You probably beat Harvard’s moral IQ

Harvard has done deep damage to its brand since October 7th.

By Noah Beck | | Topics: Antisemitism, Gaza
Dr Claudine Gay, President of Harvard University, testifies before the House Education and the Workforce Committee at the Rayburn Building in the US Capitol, Washington, DC, USA, 05 December 2023. EPA-EFE/WILL OLIVER
Dr Claudine Gay, President of Harvard University, testifies before the House Education and the Workforce Committee at the Rayburn Building in the US Capitol, Washington, DC, USA, 05 December 2023. EPA-EFE/WILL OLIVER

Originally written for the Investigative Project on Terrorism

It’s never been easier to beat Harvard’s moral IQ, which has dropped to moronic levels since the Hamas massacre of October 7th. Thirty-one Harvard student groups promptly defended the Hamas atrocities, and the university came under fire for its tardy and weak response. When Harvard president Claudine Gay finally spoke with greater moral clarity, over 100 faculty members condemned her for itNow Harvard will be federally investigated over claims of campus antisemitism.

The university’s president testified on December 5th before the House committee on Education & the Workforce but only made things worse. Her performance was so abysmal that there are now Congressional calls to defund Harvard.

To see if you beat Harvard’s moral IQ, just take this quiz by indicating if one should PRAISE or CONDEMN the following (the correct answer appears after each question, so that you can score yourself).

1) 3,000 terrorists breach a sovereign border to murder over 1,000 people and abduct hundreds more, including countless elderly, women, and children (CONDEMN)

2) The terrorists incinerate babies, behead innumerable victims, burn entire communities, rape and murder women and then parade their mutilated bodies before cheering crowds (CONDEMN)

3) The above atrocities will cause even more civilian suffering because they will predictably provoke a justified and massive military response (CONDEMN)

Two “harder,” bonus questions:

1) Should any answer change if the victim is more privileged than the perpetrator? If you answer yes, then your wokeness has obliterated your moral IQ.

2) Should any answer change if the victim is Israeli and the perpetrator is Palestinian? If you answer yes, then you are an anti-Semite.

If you managed to get all five questions right, your moral IQ beats Harvard’s!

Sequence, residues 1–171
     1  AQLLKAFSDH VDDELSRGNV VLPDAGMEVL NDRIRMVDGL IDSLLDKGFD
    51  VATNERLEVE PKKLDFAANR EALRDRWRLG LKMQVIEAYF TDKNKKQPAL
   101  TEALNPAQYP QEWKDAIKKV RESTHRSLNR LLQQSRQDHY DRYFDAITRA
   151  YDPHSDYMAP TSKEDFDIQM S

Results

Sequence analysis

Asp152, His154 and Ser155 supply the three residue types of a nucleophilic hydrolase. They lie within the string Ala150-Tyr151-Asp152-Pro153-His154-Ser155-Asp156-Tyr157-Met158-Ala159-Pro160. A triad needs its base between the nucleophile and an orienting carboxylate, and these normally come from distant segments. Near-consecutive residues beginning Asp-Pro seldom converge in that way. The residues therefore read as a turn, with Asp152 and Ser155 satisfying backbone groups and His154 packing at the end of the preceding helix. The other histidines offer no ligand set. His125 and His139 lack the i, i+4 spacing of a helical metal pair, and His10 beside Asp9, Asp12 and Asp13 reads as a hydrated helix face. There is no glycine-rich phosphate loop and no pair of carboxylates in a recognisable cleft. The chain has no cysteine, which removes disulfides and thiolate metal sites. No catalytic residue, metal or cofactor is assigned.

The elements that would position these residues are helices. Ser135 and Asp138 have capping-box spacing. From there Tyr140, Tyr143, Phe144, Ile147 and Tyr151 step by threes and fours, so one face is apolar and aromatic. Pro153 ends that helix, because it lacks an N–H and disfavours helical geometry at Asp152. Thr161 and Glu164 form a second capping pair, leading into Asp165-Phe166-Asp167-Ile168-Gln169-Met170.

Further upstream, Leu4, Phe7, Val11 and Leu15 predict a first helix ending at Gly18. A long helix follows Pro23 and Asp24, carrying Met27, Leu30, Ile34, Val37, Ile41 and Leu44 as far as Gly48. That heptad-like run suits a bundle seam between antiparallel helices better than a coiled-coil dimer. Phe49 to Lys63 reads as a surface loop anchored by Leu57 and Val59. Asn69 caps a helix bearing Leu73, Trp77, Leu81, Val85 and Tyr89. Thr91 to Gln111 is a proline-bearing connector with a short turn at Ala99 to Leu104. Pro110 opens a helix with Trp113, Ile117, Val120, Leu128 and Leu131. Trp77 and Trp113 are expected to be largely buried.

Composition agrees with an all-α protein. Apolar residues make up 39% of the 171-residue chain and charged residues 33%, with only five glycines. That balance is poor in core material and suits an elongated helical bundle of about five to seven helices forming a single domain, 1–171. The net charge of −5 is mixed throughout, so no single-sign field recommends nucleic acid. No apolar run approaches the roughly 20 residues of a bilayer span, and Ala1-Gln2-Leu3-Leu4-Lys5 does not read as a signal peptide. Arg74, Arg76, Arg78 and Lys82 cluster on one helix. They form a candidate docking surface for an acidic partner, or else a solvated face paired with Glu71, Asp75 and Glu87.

The fact that Harvard admits students who can’t pass such an absurdly easy moral quiz, and then – having admitted them – failed to educate them enough for them to ace the test during their time at Harvard, and similarly failed to react appropriately during the very public demonstration of such failures, downgrades the Harvard brand to ethical idiocy.

Still confused? Here’s a crash course in Ethics 101.

Culpability hinges on intent. A woman who tries to save a drowning boy but ultimately fails deserves praise, not blame. But if the same woman tries to drown the boy but fails, she’s guilty of attempted murder. In each example, judgment depends on what outcome was intended.

This simple principle applies to all moral judgments, including those of military operations. And yet when it comes to Israel, campus activists (even at “elite” universities like Harvard), much of the media, and the international community all suffer from a staggering blind spot around the fundamental issue of intent.

When Hamas committed all of the atrocities mentioned above, the terrorists indisputably intended all of the civilian harms they caused, as evidenced by their chosen targets and celebration of their crimes.

But the intent of the Israeli military response is to protect Israeli civilians from a bloodthirsty terrorist group that openly plans to commit more October 7th-type massacres.

When Hamas militarily operates from hospitals, and otherwise uses Gazan civilians as human shields, Hamas intends the civilian harms that predictably result when attacking from behind those noncombatants, knowing that return fire will target that position. Civilian casualties are caused by Hamas’ cynical decision to sacrifice Gazans because the world will (wrongly) blame Israel when Gazans are inadvertently hurt by Israel’s attempt to strike at Hamas.

Does the Israel Defense Forces (IDF) intend to harm Gazan civilians? If that were the goal, the IDF could have killed hundreds of thousands of Gazans in a few days by leveling every high-rise building in Gaza. Israel wouldn’t bother trying to evacuate civilians, despite Hamas’ persistent attempts to thwart such evacuations.

Israel endangers its own soldiers to protect Gazans with its time-consuming reliance on ground troops. That far more painstaking and dangerous approach also imperils Israeli civilians because they remain exposed to Hamas rocket attacks. In fact, Hamas broke the latest ceasefire with rocket barrages that would have been impossible had the IDF simply flattened all of Gaza in a few days.

Absurdly, global calls for a ceasefire pressure Israel to accelerate its operations, but haste will only increase the very civilian casualties that the international community presumably wants to minimize. The same demands for a ceasefire also overlook that there was already one in place on October 6th and Hamas brutally broke it.

All of this should be glaringly obvious to anyone with a minimum moral IQ, which is why Harvard has done such deep damage to its brand since October 7th.

Noah Beck is the author of The Last Israelis, an apocalyptic submarine thriller about Iranian nukes, Hamas, and Hezbollah.

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